“Lee to the Rear!”

In the annals of military warfare, it was so extraordinary. There is no record of this happening to Julius Caesar, Hannibal or Napoleon. In May 1864, in a Battle known as the Battle of the Wilderness, Gen. Robert E. Lee tried to lead the charge of the Texas Brigade. Commanding generals do not typically attempt to lead a charge themselves. It just is not done. The commanding general has to keep the entire battle in mind. He has to forecast chess moves three or four moves in advance. He must respond to aides hurrying back and forth with urgent messages seeking aid, warning of supply shortages, and he must press recalcitrant commanders. The heat of battle is “prime time” for a commanding general. Yet, when the Texas Brigade moved up to block a penetration by Union General Winfield Scott’s forces, he knew the moment was dire. He knew too that the Confederates were being pressed in ways they had never been pressed. He wanted to be sure the charge succeeded.

Gen. Lee cheered as the Texans moved into position to plug the gap created by Gen. Scott. The Corps Commander, Gen. Longstreet planned to move one brigade into the gap, followed by a second brigade and then a third. When the Texans first arrived, Gen. Lee urged them, “We must drive these people back.” A man not given to frequent displays of emotion already showed more emotion than his soldiers were used to. “The Texans always drive them,” he added.  The commander of the Texas Brigade, Gen. Gregg, told his men, “The eye of Gen. Lee is on you.” The Texans responded with cheers. With a shout of “Forward,” the Texans and Arkansans started forward with a yell.

Immediately, the men noticed Gen. Lee was moving with them. Capt. Bedell noticed the general advancing with them well into the enemy fire. Dozens would later insist they were there and they held the reins of Traveller, pulling Lee back to the rear. Traveller was the name of Lee’s horse, named after the horse used by Gen. Washington during the American revolution. Gen. Washington was Gen. Lee’s step-grandfather.

Capt. Bedell had been wounded twice in prior battles. He was one of the original recruits into Co. “L” of the Texas Brigade. Co. “L” came from Galveston. Capt. Bedell implored Lee to stop. Gen. Lee responded, “I want to lead the Texas Brigade in this charge.” From commander to his men, bypassing three or four layers of command was unusual in itself. But, the overall commander was negotiating with his men. He could have simply told them to shut up and let him do his job. But, he was negotiating, asking them to let him do what he thought he needed to do ensure success.

It is hard for civilians to understand this remarkable military relationship during war. There is an unspoken understanding that each person, male or female, will do his/her best at all times to ensure success of the military unit. That principle is a sacred duty. It stays with you all your life. In this instance, the Commanding General was asking his men to let him do what he believed he had to do to plug this gap. His men were telling him, “no.” They were assuming the responsibility for the success of this charge. They were saying, “sir, we got this.” They were not just assuring him they would ensure the success of this charge, they were insisting. They were telling their boss, “no,” in terms that did not allow for negotiation.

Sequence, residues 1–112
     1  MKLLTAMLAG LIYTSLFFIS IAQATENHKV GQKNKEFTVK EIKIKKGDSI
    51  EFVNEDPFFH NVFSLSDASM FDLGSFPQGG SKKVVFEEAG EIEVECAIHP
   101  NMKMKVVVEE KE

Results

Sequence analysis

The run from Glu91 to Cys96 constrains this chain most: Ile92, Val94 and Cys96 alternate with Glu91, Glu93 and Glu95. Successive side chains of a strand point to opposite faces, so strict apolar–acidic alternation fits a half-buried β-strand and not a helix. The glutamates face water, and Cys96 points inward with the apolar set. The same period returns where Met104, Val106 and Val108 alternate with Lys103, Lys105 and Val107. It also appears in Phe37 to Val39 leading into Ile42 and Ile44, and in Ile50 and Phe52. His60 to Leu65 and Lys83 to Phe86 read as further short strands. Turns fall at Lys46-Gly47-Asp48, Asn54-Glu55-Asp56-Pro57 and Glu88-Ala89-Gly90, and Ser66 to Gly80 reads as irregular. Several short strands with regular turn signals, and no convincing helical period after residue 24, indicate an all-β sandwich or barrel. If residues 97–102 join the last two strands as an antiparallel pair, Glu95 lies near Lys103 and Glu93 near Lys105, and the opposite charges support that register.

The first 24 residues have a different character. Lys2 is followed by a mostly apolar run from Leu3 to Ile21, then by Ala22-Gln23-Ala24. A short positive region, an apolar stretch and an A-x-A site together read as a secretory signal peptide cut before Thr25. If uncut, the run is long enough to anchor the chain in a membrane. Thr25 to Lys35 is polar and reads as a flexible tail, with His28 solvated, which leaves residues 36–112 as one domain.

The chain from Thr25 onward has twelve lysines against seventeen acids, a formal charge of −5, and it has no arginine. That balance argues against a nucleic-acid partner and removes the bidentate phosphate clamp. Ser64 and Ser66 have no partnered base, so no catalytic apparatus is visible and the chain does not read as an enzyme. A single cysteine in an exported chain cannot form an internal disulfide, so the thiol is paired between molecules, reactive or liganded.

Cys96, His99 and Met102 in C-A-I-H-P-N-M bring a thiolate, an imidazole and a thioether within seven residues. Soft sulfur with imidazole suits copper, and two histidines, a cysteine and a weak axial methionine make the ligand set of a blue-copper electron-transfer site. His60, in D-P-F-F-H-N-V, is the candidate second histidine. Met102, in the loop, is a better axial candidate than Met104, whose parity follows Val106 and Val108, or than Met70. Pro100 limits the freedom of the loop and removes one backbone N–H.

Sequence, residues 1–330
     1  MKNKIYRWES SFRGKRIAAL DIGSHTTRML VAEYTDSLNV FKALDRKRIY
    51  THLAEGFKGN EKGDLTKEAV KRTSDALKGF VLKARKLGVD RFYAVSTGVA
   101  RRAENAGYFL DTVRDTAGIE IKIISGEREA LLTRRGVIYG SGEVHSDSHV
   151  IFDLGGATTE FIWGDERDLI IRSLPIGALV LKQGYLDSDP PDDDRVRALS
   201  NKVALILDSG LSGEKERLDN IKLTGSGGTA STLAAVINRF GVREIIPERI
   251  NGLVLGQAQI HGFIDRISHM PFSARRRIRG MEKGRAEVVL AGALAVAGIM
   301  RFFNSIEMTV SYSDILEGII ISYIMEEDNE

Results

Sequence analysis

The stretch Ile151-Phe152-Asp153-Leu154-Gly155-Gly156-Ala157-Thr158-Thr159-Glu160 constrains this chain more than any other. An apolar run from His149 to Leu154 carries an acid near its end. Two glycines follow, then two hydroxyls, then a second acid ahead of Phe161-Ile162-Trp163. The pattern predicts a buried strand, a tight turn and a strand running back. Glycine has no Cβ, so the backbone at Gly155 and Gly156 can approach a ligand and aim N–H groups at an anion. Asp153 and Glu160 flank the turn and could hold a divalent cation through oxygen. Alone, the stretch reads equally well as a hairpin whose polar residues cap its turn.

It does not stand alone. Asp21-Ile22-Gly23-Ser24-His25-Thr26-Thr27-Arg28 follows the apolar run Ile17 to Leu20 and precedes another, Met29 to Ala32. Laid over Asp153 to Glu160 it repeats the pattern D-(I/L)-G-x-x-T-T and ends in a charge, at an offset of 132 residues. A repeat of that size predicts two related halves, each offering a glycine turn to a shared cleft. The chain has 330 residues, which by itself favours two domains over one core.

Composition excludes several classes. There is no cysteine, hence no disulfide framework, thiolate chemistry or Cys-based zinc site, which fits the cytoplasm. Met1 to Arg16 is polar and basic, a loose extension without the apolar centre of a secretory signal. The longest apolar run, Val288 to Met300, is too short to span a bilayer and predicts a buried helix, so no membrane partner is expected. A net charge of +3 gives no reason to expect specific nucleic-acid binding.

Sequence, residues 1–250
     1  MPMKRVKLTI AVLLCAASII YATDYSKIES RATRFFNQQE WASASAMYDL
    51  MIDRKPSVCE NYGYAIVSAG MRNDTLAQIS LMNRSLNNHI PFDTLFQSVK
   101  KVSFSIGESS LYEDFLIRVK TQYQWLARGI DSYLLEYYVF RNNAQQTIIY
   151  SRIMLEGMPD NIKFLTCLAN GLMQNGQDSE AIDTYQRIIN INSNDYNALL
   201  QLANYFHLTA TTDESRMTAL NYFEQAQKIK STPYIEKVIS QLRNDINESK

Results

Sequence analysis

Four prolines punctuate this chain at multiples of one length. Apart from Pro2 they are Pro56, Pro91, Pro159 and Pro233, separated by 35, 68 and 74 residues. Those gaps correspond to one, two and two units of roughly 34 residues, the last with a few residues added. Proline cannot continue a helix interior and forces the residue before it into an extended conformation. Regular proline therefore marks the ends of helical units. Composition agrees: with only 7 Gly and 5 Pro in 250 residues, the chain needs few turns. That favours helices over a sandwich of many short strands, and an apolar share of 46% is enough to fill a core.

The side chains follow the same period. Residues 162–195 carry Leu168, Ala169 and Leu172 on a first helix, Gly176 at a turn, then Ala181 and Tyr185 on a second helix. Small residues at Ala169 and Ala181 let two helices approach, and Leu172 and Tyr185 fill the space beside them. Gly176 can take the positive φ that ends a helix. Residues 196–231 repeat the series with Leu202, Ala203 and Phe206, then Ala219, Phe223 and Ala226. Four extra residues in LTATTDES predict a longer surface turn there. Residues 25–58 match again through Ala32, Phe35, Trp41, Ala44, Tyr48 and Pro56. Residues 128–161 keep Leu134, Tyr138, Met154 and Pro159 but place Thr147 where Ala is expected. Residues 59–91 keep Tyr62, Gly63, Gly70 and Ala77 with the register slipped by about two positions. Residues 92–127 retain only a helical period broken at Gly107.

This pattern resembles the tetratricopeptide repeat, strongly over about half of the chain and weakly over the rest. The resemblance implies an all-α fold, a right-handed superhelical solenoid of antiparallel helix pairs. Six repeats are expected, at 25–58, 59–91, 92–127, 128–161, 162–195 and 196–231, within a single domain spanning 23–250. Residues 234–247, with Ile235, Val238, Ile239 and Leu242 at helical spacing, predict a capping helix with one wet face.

The tender feeling in that moment cannot be overstated. They were also saying the possibility of losing Gen. Lee was too high a price to pay for the success of one charge. That is an extraordinary honor, one probably never made to a general of Robert E. Lee’s caliber. Napoleon’s soldiers respected the general, but they did not love him. I am happy to say my soldiers generally liked me. But, I am very doubtful they would have insisted I minimize risk. It just isn’t done.  

Other soldiers joined in. “You will get killed dad[d]y.” “We won’t go forward until you go back,” said another. One soldier watching this unheard of display remarked years later, “I would charge hell itself for that old man.” One soldier in a friendly way kicked at Traveller, saying, “Get out of the Wilderness with General Lee, you old looney!” That alone would merit court martial in today’s army. In the Confederate army, assaulting the general’s horse in other circumstances would have resulted in lashes or worse.

The general finally turned toward the rear, as the Texas Brigade surged forward into the fire. Dozens of Texans fell. But, Gen. Lee lived.

See more about the Battle of the Wilderness here.

Susannah J. Ural, Hood’s Texas Brigade (LSU Press 2017), pp. 212-213.